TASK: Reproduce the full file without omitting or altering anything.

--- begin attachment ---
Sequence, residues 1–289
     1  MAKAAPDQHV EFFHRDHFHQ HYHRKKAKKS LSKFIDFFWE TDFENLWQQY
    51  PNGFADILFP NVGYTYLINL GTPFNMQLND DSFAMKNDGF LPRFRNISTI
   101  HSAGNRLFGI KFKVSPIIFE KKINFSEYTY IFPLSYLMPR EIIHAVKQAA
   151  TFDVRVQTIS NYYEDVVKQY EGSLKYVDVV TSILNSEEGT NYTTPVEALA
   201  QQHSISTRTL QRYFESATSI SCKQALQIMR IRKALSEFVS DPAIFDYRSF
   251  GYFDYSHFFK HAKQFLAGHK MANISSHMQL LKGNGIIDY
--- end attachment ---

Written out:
Sequence, residues 1–289
     1  MAKAAPDQHV EFFHRDHFHQ HYHRKKAKKS LSKFIDFFWE TDFENLWQQY
    51  PNGFADILFP NVGYTYLINL GTPFNMQLND DSFAMKNDGF LPRFRNISTI
   101  HSAGNRLFGI KFKVSPIIFE KKINFSEYTY IFPLSYLMPR EIIHAVKQAA
   151  TFDVRVQTIS NYYEDVVKQY EGSLKYVDVV TSILNSEEGT NYTTPVEALA
   201  QQHSISTRTL QRYFESATSI SCKQALQIMR IRKALSEFVS DPAIFDYRSF
   251  GYFDYSHFFK HAKQFLAGHK MANISSHMQL LKGNGIIDY